Growing Pole Beans:
How to Grow Pole Beans Organically

Growing pole beans is easy even for beginner gardeners. They grow on vines which must be supported on a trellis, cage or pole, and produce beans continuously throughout their growing period.

There are many varieties of pole beans to choose from, and all are best started from seed. Pole beans need well-drained, moist soil and full sun to partial shade for the highest yields.

Growing Pole Beans: Plant Snapshot (Phaseolus vulgaris)

Growing Pole Beans
  • Family: Fabaceae (Pea family))
  • Annual or Perennial? Annual: Ready to harvest 65 to 80 days after planting.
  • Recommended varieties: Kentucky Wonder, Romano Italian, Kentucky Blue, Kentucky Wonder Wax
  • Cold tolerance: Warm Season – Will not survive frost and their seeds will not germinate in cold soil. Plant them at about the average date of the last 32 degree F (0 degree C) temperature in spring.
  • Required Sun: Full sun (at least 6 hours each day)
  • When planning vegetable crop rotation, group with crops from this family: Legumes: French beans, peas
  • Companion plants (see Companion Planting Charts for more info):
    • Companions: Carrots, Corn, Cucumber, Eggplant, Lettuce, Marigold, Pea, Radish, Rosemary, Savory, Tansy
    • Avoid: Basil, Beets, Cabbage, Fennel, Kohlrabi, Onion, Sunflower
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Growing Pole Beans: Planting the Seed

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Pole beans like lighter soil. If your soil is mostly clay, you'll need to mix in sand or vermiculite to lighten it up.

Pole beans also need support that is about five to eight feet tall. While some gardeners use cages, trellises or poles, many build “teepees” from wood for the pole bean vines to grow on. These can be made from bamboo or other wood or purchased pre-made.

Planting instructions depend on the type of support you use (see snapshot box below). Cover seeds with one inch of soil and lightly compress.

Water pole beans thoroughly after planting and fertilize with an organic garden fertilizer.

Snapshot: Planting Pole Beans

  • Planting depth: about 1 inch (2.54 cm)
  • Spacing in rows: in hills for poles, about 15 inches (38 cm) apart (4 plants per hill); in rows for trellises, about 3 inches (8 cm) apart; for teepees, 6 to 8 inches (15 to 20 cm) outside of supports
  • Germination soil temperature: 70 to 80 degrees F (21.1 to 26.6 degrees C)
  • Days to germination: 7 to 14
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Growing Pole Beans: From Germination to Pre-Harvest

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Once the pole bean seeds have pushed their way up through the soil, thin the weakest ones and start training the beans to grow up their support.

Use mulch to help the soil retain moisture, and water pole beans at a rate of about one inch (2.54 cm) per week. Wet foliage can encourage disease, so water pole beans as closely to the soil as possible and early in the day to give foliage a chance to dry.

Snapshot: Growing Pole Beans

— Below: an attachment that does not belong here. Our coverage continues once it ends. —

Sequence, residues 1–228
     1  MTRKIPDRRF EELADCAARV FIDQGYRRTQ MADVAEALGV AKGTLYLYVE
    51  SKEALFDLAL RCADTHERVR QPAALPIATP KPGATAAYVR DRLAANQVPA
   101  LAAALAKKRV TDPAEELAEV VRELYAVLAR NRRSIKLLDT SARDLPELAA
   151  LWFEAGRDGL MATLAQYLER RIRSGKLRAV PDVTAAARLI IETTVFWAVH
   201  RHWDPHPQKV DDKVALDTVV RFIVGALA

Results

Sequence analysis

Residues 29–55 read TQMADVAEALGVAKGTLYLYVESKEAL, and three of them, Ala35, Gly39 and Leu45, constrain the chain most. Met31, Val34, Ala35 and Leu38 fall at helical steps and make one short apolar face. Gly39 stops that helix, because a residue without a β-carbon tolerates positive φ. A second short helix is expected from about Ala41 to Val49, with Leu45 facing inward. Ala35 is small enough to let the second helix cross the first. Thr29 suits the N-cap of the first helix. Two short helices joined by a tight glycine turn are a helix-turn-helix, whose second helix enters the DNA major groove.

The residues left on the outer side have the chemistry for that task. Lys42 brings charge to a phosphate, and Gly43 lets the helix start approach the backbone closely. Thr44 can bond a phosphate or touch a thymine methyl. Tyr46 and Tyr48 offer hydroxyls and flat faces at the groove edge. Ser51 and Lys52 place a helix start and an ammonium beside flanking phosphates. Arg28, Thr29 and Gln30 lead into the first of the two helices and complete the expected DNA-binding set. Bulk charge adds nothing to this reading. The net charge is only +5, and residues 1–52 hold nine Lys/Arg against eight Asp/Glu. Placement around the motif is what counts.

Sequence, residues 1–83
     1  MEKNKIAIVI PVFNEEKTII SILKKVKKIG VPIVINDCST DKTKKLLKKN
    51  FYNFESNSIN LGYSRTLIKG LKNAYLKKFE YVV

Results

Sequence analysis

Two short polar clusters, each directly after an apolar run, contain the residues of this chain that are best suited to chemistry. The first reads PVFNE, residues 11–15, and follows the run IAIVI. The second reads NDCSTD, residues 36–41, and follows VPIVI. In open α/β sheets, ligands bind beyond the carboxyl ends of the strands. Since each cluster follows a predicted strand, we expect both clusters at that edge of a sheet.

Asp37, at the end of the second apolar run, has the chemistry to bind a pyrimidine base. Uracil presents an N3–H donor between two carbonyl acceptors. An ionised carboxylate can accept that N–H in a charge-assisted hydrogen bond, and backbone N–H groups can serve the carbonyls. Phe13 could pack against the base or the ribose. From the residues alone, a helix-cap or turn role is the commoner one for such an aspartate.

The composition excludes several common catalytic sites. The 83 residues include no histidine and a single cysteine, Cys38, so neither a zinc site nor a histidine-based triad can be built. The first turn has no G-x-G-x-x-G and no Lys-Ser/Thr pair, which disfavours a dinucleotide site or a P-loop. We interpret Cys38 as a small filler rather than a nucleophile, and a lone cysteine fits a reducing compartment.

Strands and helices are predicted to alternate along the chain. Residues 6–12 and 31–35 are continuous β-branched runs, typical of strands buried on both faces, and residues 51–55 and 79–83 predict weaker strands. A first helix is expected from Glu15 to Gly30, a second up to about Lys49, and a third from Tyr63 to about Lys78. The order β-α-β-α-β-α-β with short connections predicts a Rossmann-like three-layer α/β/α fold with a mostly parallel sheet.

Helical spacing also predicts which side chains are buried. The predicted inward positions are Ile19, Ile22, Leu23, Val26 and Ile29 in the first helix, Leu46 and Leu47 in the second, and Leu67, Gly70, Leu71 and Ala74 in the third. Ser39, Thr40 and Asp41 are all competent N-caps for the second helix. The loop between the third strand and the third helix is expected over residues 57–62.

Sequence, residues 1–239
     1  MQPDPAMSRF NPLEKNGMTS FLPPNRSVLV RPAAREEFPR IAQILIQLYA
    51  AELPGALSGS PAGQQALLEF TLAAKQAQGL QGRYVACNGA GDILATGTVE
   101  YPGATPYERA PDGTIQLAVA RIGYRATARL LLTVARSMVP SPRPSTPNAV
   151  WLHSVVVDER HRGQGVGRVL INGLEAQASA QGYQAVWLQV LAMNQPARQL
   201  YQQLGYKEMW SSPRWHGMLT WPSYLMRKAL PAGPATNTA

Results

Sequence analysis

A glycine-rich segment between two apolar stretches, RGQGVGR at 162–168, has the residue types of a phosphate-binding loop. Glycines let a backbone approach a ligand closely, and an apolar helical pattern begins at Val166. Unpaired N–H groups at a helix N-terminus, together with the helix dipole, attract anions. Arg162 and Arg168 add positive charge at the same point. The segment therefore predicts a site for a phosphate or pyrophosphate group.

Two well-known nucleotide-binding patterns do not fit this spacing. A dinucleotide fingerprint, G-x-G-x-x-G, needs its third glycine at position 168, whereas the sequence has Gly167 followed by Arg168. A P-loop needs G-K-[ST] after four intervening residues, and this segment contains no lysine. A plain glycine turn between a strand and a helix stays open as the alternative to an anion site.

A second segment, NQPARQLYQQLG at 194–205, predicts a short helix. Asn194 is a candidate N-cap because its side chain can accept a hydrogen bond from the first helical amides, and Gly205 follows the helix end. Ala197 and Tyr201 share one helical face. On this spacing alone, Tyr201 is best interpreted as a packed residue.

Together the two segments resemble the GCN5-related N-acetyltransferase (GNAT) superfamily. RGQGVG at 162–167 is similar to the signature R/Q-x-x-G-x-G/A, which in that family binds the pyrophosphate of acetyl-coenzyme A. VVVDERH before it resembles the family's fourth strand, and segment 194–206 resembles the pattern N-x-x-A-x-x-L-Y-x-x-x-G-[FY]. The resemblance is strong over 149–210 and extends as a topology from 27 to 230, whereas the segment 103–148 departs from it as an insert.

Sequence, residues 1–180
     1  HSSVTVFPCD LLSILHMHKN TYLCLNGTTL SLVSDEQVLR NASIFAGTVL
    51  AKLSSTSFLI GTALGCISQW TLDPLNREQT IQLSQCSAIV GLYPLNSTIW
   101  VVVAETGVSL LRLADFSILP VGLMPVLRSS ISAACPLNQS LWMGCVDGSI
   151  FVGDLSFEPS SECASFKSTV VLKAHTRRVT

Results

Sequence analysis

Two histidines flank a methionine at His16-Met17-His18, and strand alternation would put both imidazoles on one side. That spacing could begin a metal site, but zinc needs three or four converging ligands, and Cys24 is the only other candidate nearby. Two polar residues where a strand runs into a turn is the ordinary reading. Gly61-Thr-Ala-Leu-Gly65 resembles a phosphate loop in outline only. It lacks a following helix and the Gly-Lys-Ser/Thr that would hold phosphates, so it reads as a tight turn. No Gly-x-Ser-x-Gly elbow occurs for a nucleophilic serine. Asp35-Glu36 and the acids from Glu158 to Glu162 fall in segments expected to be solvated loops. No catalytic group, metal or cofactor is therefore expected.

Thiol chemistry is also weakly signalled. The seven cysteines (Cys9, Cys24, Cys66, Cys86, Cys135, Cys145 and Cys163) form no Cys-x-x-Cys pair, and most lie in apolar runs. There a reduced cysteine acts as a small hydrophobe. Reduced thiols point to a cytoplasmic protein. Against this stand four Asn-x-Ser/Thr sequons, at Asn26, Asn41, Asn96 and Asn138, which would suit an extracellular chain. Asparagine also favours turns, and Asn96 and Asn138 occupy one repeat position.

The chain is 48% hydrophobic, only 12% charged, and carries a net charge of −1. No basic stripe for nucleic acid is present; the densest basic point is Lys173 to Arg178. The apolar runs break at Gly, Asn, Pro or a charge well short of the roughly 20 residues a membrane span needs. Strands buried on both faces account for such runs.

• Preferred soil pH (see soil pH tester for more information): 6.0 to 6.8
  • Growing soil temperature: 70 to 80 degrees F (21.1 to 26.6 degrees C)
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Growing Pole Beans: Harvesting Time

Pole beans are ready to harvest about seven to fourteen days after the pods have flowered and become firm, fully elongated and crisp. You will need to continually monitor the readiness of these beans, as they produce much better if picked regularly (about every 2 to 3 days). Do not wait until the beans inside the pod have become enlarged, unless you intentially want them to mature into shell beans.

You should harvest when foliage is dry and clip beans carefully so as not to damage the branches of the plant.

Snapshot: Harvesting Pole Beans

  • Time to harvest: About 50 to 60 days after planting.
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Storing Pole Beans and Freezing Pole Beans

Pole beans should be used immediately or refrigerated soon after harvest. Place beans in a perforated bag and store in the warmest part of the refrigerator for up to one week.

To prepare for the freezer, blanch beans for 4 minutes, then drain, cool and package in freezer bags or plastic containers.

Pole bean seeds are viable for about three years.

Snapshot: Storing Pole Beans & Freezing Pole Beans

  • Storage temperature: 45 to 50 degrees F (7.2 to 10 degrees C)
  • Humidity: 80 to 90% relative humidity
  • Storage life (unfrozen in above conditions): about 1 week
  • Storage life (frozen): 10 months
  • Seed longevity: About 3 years
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Growing Pole Beans: Pests & Diseases

The following pests and diseases have been known to affect the success of growing Pole Beans. For more information about preventing and controlling them, see Organic Garden Pest Control.


  • Aphids
  • Armyworms
  • Bean weevils
  • Corn earworm
  • Cucumber beetles
  • Cutworms
  • Darkling beetles
  • Earwigs
  • Grasshoppers
  • Leafhoppers
  • Leafminers
  • Loopers
  • Lycaenid pod borers
  • Lygus bugs
  • Nematodes
  • Saltmarsh caterpillar
  • Seedcorn maggot
  • Snails/slugs
  • Stink bugs
  • Thrips
  • Whiteflies
  • Wireworms


  • Bean rust
  • Curly top
  • Damping off
  • Fusarium root rot
  • Mosaic viruses
  • Powdery mildew
  • White mold
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